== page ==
His convictions formed by history and experience, Sanford continues to be committed long after it was safe to do so. Fury finds its way into these pages only when the insidious hysteria affects Marguerite's career, and even then, more is made of her integrity and resilience than of his rage. Throughout these six tortured and turbulent years, "A Walk in the Fire" remains an idyllic love story in which love of family, love of work and love of country illuminate and enlarge the central attachment between the Sanfords.
Though the quartet is unified by style, form and subject, the individual volumes have the narrative power to be read independently of one another. Together, they are a monumental social history of the century; separately they place a supremely responsive observer both within and at a remove from his decade. In each case, the writer's depth of field and unwavering value system create reverberations far beyond the usual limits of a single consciousness. Lyrical and often elegiac in the historical segments, fierce in commentary, Sanford's style is Protean, constantly reinvented to suit his theme.
Here he is in the front row at the House Committee hearings in Los Angeles in September, 1951, just before his wife is to take the stand. "And still you were trying to descry in the Committee and its Counsel a reason for their elevation. What explained them?, you wondered--what? And now slowly grew the realization that they represented the people because they were representative: They'd been chosen not because they were representative: They'd been chosen not because they were different, but because they were the same. These six, you thought, they'd been put forward by their similars, their fungible selves. Each was any other, the many were as one, and seeking past them through the flag, the wall, the far ranges of fancy, you saw an entire nation of Potters and Doyles and Jacksons, multitudes with their vacancy, their airless minds, their low and lucrative aims. . . ."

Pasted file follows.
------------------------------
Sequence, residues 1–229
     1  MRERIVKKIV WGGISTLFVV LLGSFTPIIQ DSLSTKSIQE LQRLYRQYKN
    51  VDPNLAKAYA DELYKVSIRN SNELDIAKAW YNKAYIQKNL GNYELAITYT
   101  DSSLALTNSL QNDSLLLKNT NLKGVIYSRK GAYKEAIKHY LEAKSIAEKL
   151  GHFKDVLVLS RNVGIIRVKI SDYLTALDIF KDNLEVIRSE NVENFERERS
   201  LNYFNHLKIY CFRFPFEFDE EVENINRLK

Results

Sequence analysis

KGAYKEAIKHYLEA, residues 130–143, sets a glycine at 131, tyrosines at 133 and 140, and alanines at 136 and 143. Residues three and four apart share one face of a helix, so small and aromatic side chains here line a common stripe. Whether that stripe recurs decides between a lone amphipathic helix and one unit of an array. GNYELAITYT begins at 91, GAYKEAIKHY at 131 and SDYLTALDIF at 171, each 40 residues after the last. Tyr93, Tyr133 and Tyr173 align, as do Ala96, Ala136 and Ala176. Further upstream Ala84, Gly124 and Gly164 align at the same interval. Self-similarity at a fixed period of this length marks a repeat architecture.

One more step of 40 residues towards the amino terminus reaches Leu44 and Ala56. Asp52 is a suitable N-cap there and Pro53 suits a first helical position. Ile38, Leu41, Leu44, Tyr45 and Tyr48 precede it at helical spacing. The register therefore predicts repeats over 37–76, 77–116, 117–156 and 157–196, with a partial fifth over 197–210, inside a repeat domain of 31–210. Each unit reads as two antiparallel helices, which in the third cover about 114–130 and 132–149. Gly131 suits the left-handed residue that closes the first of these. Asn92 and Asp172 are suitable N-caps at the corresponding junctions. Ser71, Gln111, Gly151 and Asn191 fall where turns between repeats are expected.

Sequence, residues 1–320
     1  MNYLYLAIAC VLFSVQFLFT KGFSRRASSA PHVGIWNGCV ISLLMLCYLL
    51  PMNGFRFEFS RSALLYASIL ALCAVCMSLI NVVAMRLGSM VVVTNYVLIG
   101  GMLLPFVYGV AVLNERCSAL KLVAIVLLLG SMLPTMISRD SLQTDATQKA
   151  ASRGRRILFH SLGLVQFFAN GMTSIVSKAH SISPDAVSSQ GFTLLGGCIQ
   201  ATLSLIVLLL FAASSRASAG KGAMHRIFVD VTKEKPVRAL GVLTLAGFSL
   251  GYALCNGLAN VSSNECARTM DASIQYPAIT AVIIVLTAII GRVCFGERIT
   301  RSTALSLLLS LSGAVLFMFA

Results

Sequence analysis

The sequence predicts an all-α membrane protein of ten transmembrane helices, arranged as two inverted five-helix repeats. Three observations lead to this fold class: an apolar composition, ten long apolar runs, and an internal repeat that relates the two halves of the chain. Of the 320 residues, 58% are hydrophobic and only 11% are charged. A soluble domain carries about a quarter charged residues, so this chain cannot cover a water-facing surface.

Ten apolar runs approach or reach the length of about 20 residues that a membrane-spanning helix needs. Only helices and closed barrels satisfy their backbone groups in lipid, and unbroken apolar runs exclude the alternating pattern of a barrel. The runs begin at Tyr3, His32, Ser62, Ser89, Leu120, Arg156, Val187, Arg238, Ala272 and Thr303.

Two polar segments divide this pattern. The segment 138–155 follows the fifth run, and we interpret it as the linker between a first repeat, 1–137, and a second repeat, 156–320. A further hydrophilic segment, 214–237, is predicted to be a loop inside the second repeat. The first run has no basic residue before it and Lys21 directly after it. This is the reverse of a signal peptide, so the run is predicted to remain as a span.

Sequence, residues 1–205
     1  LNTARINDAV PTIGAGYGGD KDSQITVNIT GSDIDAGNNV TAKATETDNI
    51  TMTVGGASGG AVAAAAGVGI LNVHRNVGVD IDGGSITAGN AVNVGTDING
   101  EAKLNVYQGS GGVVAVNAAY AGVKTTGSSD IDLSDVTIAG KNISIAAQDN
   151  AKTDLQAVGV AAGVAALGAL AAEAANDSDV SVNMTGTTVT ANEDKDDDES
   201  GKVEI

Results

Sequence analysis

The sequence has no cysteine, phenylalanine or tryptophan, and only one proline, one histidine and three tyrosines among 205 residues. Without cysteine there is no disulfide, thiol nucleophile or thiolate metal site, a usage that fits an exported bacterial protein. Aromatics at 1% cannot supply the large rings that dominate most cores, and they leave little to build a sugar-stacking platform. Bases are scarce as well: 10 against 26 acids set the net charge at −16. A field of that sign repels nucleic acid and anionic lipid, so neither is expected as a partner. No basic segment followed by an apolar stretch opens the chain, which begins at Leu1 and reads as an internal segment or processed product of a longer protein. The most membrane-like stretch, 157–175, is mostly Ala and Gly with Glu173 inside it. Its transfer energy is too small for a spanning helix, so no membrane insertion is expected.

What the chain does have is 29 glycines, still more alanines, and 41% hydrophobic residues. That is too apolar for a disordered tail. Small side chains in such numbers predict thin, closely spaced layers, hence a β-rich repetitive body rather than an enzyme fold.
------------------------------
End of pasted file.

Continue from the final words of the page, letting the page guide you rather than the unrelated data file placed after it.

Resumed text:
A bit further along in this segment, as the author and his wife are driving home, the "you" becomes Marguerite Roberts, asking "Did I do all right"? For a moment, Sanford cannot answer--"not because I had nothing to say. It was because I had nothing to say it with. . . . The best I can do is this: If I'd never seen you before, if I'd just happened by and heard you, I'd've asked you to be my wife." "A Walk in the Fire" stops in 1951, but does not end there. There will be a fifth volume, tracing the process by which the annealing private walk became a headlong public rush toward the bleak and trackless ethical wilderness in which we find ourselves now. No one in American letters is better qualified to transform that rigorous tour into the literary adventure of a lifetime.
You gave them nothing, and they paid in kind. There were no badges of honor for you, no cordons, ribbons, wreaths of laurel. From then on, you were without a country, a wanderer within it, an internal outcast. You'd worked yourself loose, like some minor component of a giant machine, a shim, a grommet, a superfluous spring, and the ground by its shaking , you made a small sound for a while and then fell silent, as if you'd worn away. "What do you think you are--a martyr?" you heard your friends say.
How could he have thought you'd so suppose when you'd never felt the thorn, never endured the nail? He knew, as you did, that you'd merely chanced on your hill of skulls and pondered on the purpose of the pyre. How, a martyr, when you were your own victim?--you'd chosen the stake, you'd lit the fire. "I think you're a damned fool!," he said, and in the ways of the world, you were, but did he deeply believe his words, or did he simply say them, having found them in his mouth? Why his anger?, you sometimes wondered. What harm had you done him in giving none but yourself away? What made him mock you? What did he note in a Simple Simon cap, what could he not bear to see and hear? Or was he seeing and hearing himself, was he on the stand instead of you, was he giving you away?
--From "A Walk in the Fire: Scenes From the Life of an American Jew, Vol. 4."